Linked by Thom Holwerda on Thu 5th Dec 2013 09:51 UTC
PDAs, Cellphones, Wireless

About 2 years back, I read this article on Michael Degusta's personal blog. It was a revelation. Michael ripped the Android ecosystem apart with a simple chart. The chart converted me from an Android user to an iPhone user. I hope this chart helps other folks make an informed decision when their next smartphone upgrade is due.

Charts like this do great in certain areas of the web, but it's too simplistic. First, it does not take into account that many core aspects of Android are updated through Google Play, such as Chrome, Gmail, Maps, the keyboard, and so on. Whereas iOS needs an entire update to fix a small bug in, say, Maps - Android does not. Many core parts that require an entire OS update for iOS are updated weekly on Android.

Second, it does not mention that even though older iPhone models get the latest version of iOS, some functionality of these latest versions is disabled due to marketing, and in some cases due to hardware constraints (if you were to believe Apple, that is).

Third and foremost, though: I'm betting each and every one of those devices has at least an Android 4.2 or 4.3 release (and some have 4.4 too, like my Find 5) from, for instance, CyanogenMod - and countless other ROM makers. Installing a custom ROM is one of the strengths of Android, and not nearly as hard or difficult as some make it out to be. If your iPhone becomes unsupported or really slow due to iOS7 - you're screwed. You have no other options. If Samsung's TouchWiz crap makes your Galaxy slow, run out and get a quality phone install a custom ROM.

I see this all the time: people ignoring core strengths of Android because they don't understand them or because they don't belong to their interests - "this is just for nerds and geeks, so it's irrelevant!" Take discussions about application on iOS and Android, for instance; those arguing in favour of iOS routinely ignore that Android has access to types of applications iOS users could only dream of. If you leave those out, it's easy to make Android's application offering look weaker. The same happens when looking at Android and updates.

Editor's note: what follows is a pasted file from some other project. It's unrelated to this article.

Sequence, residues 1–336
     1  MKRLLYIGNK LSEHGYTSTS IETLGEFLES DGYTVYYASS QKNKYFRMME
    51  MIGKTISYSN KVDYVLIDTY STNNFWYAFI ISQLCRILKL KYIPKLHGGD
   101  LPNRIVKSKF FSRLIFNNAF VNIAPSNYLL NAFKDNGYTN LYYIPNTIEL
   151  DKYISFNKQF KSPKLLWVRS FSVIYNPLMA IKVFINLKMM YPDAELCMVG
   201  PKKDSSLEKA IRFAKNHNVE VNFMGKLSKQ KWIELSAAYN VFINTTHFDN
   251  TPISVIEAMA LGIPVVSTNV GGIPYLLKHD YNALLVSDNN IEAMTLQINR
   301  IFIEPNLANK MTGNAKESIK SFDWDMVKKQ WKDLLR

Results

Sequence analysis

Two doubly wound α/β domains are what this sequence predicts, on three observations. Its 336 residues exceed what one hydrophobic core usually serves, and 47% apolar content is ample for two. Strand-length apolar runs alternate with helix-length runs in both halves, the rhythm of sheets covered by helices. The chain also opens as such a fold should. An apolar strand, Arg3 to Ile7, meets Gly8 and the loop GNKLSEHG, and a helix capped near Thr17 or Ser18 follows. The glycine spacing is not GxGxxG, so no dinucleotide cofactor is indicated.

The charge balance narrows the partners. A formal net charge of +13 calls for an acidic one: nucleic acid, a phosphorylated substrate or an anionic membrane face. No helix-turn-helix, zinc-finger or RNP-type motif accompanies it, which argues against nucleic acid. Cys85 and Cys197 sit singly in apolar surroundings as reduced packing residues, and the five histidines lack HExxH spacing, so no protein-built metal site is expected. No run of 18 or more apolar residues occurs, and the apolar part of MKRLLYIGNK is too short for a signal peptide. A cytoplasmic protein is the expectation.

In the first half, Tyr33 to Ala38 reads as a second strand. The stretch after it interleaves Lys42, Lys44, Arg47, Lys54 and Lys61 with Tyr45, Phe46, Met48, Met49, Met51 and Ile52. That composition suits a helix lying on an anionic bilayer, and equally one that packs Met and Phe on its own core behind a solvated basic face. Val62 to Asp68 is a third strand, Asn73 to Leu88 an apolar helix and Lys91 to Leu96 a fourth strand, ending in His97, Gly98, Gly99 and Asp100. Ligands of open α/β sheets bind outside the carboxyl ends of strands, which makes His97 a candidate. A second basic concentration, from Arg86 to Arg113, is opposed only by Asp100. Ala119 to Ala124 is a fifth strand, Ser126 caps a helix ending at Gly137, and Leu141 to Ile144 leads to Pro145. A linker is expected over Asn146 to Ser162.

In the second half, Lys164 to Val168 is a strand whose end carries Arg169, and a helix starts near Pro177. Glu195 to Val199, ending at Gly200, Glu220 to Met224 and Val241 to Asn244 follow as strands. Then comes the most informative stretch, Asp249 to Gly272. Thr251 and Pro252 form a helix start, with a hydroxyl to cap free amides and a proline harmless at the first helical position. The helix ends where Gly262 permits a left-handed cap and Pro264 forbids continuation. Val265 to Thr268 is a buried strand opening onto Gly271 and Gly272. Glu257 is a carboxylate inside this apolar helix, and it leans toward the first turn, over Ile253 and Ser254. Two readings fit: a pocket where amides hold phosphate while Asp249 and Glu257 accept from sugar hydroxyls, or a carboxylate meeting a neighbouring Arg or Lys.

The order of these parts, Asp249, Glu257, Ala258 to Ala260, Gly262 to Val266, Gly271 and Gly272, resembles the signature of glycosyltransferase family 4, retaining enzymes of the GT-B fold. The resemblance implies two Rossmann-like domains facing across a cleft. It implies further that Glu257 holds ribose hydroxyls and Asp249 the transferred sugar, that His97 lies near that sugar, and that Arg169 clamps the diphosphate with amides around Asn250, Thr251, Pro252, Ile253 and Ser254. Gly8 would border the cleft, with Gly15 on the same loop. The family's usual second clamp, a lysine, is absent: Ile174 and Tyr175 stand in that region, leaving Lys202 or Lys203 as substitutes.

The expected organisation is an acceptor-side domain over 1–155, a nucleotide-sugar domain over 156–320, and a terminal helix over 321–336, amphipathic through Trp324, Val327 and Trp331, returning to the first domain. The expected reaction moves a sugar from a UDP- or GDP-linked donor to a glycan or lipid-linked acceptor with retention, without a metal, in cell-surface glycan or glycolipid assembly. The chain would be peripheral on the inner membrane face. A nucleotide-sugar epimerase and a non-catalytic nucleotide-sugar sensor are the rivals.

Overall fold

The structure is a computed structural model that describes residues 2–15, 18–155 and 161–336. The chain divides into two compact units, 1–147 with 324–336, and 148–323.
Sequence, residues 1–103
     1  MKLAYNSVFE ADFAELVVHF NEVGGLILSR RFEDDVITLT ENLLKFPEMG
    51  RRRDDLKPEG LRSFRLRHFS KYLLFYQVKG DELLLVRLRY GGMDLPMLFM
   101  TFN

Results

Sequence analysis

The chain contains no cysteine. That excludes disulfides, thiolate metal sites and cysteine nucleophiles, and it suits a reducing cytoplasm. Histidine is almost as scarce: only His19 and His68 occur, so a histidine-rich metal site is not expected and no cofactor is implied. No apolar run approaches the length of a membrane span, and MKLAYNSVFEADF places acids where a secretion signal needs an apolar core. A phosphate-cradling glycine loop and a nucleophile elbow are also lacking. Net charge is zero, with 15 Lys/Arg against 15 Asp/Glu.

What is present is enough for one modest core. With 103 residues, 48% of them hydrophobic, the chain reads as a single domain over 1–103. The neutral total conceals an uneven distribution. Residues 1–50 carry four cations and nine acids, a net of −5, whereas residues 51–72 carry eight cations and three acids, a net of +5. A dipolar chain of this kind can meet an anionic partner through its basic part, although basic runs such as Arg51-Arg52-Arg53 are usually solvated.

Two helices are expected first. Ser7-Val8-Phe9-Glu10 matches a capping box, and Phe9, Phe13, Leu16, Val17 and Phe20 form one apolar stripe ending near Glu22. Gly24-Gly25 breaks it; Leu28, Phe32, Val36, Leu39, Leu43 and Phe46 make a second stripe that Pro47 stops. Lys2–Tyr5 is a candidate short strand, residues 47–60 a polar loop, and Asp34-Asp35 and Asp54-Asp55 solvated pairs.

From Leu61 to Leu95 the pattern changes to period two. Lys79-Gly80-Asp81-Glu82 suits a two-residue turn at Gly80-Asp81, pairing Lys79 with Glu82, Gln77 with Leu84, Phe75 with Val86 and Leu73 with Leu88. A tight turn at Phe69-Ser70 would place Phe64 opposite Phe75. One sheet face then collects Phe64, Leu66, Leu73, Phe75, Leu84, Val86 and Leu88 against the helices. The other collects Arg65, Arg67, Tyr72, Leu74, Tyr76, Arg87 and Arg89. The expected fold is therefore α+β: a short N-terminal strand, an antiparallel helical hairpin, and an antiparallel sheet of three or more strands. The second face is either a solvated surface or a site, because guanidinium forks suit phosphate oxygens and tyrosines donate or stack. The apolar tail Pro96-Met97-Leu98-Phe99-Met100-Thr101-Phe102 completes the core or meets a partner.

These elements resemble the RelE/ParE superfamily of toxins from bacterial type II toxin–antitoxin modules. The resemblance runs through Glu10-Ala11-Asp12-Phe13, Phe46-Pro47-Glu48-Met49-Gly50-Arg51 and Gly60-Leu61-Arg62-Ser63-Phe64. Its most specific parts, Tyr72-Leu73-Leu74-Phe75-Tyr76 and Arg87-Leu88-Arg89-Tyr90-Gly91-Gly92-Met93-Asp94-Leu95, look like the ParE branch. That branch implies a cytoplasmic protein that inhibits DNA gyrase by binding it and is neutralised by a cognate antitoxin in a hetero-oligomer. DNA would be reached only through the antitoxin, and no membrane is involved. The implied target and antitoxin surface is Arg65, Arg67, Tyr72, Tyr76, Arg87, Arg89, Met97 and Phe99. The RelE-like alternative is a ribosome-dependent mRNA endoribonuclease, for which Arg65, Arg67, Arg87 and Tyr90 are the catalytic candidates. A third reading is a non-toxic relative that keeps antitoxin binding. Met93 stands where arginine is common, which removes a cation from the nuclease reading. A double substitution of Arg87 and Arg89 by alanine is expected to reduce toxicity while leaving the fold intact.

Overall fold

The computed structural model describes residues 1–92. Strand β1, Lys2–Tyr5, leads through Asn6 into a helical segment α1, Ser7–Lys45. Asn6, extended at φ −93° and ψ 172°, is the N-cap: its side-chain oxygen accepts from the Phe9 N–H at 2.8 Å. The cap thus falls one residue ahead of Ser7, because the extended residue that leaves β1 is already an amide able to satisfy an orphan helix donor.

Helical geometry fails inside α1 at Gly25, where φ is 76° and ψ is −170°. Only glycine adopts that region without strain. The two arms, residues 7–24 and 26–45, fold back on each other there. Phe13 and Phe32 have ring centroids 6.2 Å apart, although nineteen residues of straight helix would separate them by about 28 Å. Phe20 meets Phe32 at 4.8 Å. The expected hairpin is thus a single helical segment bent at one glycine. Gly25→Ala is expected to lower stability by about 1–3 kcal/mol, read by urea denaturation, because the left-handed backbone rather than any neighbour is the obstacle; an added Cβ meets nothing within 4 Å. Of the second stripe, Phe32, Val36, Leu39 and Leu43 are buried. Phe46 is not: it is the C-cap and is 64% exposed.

All this doesn't negate the fact that updates are by far Android's weakest link, although not nearly as much of an issue as it used to be during the gingerbread days. Moving more and more parts of Android to Play will eventually all but solve the issue completely.

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Re:
by kurkosdr on Thu 5th Dec 2013 10:50 UTC
kurkosdr
Member since:
2011-04-11

Who cares, the futue is on pure Android, aka Nexus and Google Experience Devices. Other types of Android devices will slowly fade like those PCs that weren't really 100% IBM PC compatible faded.

Anyways, as I 've said before, anyone who wants true Android and upgrades can get a Nexus 5. If you are buying something else, you probably don't care about upgrades. The discussion about upgrades made sense back in the Galaxy Nexus years when Nexuses were mostly developer hardware (really miserable battery) and not user devices.

Edited 2013-12-05 10:51 UTC

Reply Score: 3

RE: Re:
by twitterfire on Thu 5th Dec 2013 12:58 in reply to "Re:"
twitterfire Member since:
2008-09-11

Who cares, the futue is on pure Android, aka Nexus and Google Experience Devices. Other types of Android devices will slowly fade like those PCs that weren't really 100% IBM PC compatible faded.

Yep. That's why Samsung sells more phones that all other Android phonemakers combined. The future can also be on Tizen (or whatever os Samsung prefers) with TouchWIz on top. ;)

Reply Parent Score: 3

RE: Re:
by moondevil on Thu 5th Dec 2013 13:37 in reply to "Re:"
moondevil Member since:
2005-07-08

Tell that to the ones that bought the Galaxy Nexus 4. Most likely there won't be a KitKat release for them.

So much for trusting Google.

Reply Parent Score: 2

RE[2]: Re:
by cpuobsessed on Thu 5th Dec 2013 14:44 in reply to "RE: Re:"
cpuobsessed Member since:
2009-06-09
RE[2]: Re:
by some1 on Thu 5th Dec 2013 14:51 in reply to "RE: Re:"
some1 Member since:
2010-10-05

There is no such thing as Galaxy Nexus 4. Nexus 4 update is rolling out already. Galaxy Nexus is not getting an update, which is a bit annoying given it's just 2 years old, but as someone who actually uses gnex as a main phone, I don't think that's such a big deal. 4.2 and 4.3 updates were pretty useless, and I had to undo clock change. Optimizations in 4.4 look interesting, but other features less so, and I'd have to fix up tethering, Bluetooth and replace launcher.

Reply Parent Score: 3

RE[2]: Re:
by modmans2ndcoming on Fri 6th Dec 2013 01:08 in reply to "RE: Re:"
modmans2ndcoming Member since:
2005-11-09

umm....Im running a Nexus 4 with Kit Kat from Google right now.

Reply Parent Score: 3